Wednesday, October 3, 2018
Court of Appeal:
Blood of DUI Suspect May Be Drawn Without Warrant Where Driver Chooses That Test
By a MetNews Staff Writer
The United States Supreme Court’s 2016 decision in Birchfield v. North Dakota, which holds that breath tests of suspected drunk drivers require no warrant but blood tests do, does not require exclusion of the results of a warrantless blood draw where the defendant opted for that alternative, the First District Court of Appeal held yesterday.
The opinion by Justice Alison M. Tucher of Div. Four affirms a decision of the Contra Costa Superior Court Appellate Division which reversed the granting of a suppression motion. The defendant, Elio Gutierrez, charged with driving under the influence, insisted that under Birchfield, a blood test may not be administered to determine blood alcohol content absent a warrant.
In Birchfield, Justice Samuel Alito wrote for the majority in saying that “[t]he physical intrusion” inherent in breath tests “is almost negligible” given that there is no piercing of the skin, merely an exhaling of air into a mouthpiece. He continued:
“The same cannot be said about blood tests. They ‘require piercing the skin’ and extract a part of the subject’s body,…and thus are significantly more intrusive than blowing into a tube.”
Rejecting Gutierrez’s interpretation of Birchfield, Tucher said:
“If the state can lawfully require a DUI suspect to take a breath test—and Birchfield says that it can—then surely the state can lawfully require the suspect to take that same breath test or an alternative if he prefers it. That the state cannot compel a warrantless blood test does not mean that it cannot offer one as an alternative to the breath test that it clearly can compel.”
The fact that the suspect has chosen a blood test “is dispositive,” she declared.
“By opting for the more intrusive procedure, Gutierrez effectively volunteered for whatever additional intrusion a blood test involves, over and above the intrusion inherent in a breath test,” Tucher wrote. “For this reason, a suspect who opts for a blood test may be said to consent to the additional intrusion the test entails.”
The case is People v. Gutierrez, A153419.
Last year, the Fourth District’s Div. Two, in Espinoza v. Shiomoto, expressed uncertainty as to whether Birchfield would require a search warrant where a suspect opted for a blood test over a breath test. There, a drunk driving suspect, Bernice Espinoza, told a California Highway Patrol officer that she was a Riverside County public defender and knew her rights; chose a blood test; and declared that under the 2013 U.S. Supreme Court decision in Missouri v. McNeely, he would have to obtain a subpoena in order to conduct the test.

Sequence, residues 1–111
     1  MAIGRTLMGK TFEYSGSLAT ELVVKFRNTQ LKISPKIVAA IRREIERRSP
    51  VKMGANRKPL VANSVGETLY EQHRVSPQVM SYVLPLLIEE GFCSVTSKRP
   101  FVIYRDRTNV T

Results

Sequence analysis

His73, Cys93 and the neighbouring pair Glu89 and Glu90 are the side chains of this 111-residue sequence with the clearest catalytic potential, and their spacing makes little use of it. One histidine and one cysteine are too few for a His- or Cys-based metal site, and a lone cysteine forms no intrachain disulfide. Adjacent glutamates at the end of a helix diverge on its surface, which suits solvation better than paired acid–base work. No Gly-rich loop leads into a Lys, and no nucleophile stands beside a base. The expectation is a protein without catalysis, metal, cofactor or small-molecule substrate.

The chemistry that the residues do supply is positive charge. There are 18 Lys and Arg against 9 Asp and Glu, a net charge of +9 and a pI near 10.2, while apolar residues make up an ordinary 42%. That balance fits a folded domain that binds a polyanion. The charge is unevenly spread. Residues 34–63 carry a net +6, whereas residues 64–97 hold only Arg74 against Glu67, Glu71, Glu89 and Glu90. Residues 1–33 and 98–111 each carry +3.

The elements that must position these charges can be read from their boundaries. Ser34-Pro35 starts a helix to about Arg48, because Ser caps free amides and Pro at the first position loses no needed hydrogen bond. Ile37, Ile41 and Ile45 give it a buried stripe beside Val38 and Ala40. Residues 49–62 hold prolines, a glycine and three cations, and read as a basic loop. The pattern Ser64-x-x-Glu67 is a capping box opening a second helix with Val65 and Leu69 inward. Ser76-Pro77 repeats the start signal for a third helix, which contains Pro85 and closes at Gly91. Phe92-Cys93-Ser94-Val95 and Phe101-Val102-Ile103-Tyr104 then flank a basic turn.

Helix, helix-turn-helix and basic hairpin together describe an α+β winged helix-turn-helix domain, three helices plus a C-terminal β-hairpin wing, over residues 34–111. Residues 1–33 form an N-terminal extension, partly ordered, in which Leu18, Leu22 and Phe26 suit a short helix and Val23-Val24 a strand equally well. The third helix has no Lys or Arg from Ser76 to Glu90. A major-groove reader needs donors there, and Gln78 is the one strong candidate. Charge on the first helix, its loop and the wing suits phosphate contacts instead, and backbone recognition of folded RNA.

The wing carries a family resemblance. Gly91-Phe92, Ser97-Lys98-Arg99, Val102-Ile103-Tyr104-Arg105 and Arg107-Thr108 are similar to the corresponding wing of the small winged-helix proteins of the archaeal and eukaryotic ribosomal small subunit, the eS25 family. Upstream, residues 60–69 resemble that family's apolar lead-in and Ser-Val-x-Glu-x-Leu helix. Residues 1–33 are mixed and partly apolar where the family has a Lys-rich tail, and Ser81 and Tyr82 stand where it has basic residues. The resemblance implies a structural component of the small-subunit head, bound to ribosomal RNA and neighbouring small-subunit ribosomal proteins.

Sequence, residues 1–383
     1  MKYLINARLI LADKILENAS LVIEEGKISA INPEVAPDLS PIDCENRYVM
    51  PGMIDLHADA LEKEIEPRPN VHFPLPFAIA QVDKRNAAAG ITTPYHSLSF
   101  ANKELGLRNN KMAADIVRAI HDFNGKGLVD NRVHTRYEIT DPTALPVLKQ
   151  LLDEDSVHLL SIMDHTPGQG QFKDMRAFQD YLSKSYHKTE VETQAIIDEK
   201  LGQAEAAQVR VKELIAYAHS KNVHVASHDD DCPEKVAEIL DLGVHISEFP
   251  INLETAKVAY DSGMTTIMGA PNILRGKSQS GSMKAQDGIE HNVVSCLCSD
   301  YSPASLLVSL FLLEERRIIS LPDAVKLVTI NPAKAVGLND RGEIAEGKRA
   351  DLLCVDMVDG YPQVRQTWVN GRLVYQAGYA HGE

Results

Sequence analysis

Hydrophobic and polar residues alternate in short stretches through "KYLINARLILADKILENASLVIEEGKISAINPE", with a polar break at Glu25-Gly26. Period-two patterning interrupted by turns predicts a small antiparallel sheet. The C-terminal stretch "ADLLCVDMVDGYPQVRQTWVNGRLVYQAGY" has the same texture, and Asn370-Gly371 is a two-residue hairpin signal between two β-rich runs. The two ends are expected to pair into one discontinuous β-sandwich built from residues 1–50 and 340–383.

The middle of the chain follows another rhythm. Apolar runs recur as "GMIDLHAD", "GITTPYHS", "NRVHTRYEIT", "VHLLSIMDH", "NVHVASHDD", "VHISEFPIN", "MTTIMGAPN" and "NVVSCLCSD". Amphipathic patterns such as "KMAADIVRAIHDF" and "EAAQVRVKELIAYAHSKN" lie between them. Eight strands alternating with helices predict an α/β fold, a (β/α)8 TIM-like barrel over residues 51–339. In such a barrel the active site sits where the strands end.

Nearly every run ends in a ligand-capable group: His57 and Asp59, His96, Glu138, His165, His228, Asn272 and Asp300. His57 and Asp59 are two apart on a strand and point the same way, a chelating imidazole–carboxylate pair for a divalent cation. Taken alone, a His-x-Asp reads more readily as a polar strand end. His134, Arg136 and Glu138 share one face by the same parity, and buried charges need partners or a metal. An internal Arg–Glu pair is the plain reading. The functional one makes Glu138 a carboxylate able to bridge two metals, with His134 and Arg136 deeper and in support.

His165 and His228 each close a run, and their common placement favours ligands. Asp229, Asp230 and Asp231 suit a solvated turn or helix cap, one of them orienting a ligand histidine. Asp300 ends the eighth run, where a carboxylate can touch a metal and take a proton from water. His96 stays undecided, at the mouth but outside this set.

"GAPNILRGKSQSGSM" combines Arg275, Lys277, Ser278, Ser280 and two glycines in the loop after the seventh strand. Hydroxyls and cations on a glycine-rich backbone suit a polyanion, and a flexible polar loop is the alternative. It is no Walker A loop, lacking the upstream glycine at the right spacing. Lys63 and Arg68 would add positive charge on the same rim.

The opinion, by Justice Art McKinster, affirmed the Superior Court’s denial of Espinosa’s petition for a writ of mandate by which she sought an overturning of a one-year suspension of her driver’s license by the Department of Motor Vehicles for refusing to submit to a test of her blood alcohol content,
“Prior to issuance of the decision in Birchfield, we would have agreed with the Department that Espinoza’s refusal to submit to a blood test would have been a sufficient basis for her license suspension, and we would have had no need to address breath tests. But…it is unclear whether the high court would approve of a civil license suspension based solely on a motorist’s refusal to submit to a warrantless blood test. Therefore, we err on the side of caution and affirm the suspension based on Espinoza’s refusal to submit to a breath test.
“The police could not force Espinoza to submit to a blood test against her will unless they obtained a warrant or showed there were exigent circumstances that justified a warrantless search….Consequently, we assume without deciding, that Espinoza could refuse to submit to a warrantless blood test unless the police obtained a warrant, and that, without more, her refusal to do so could not result in her license being suspended.”
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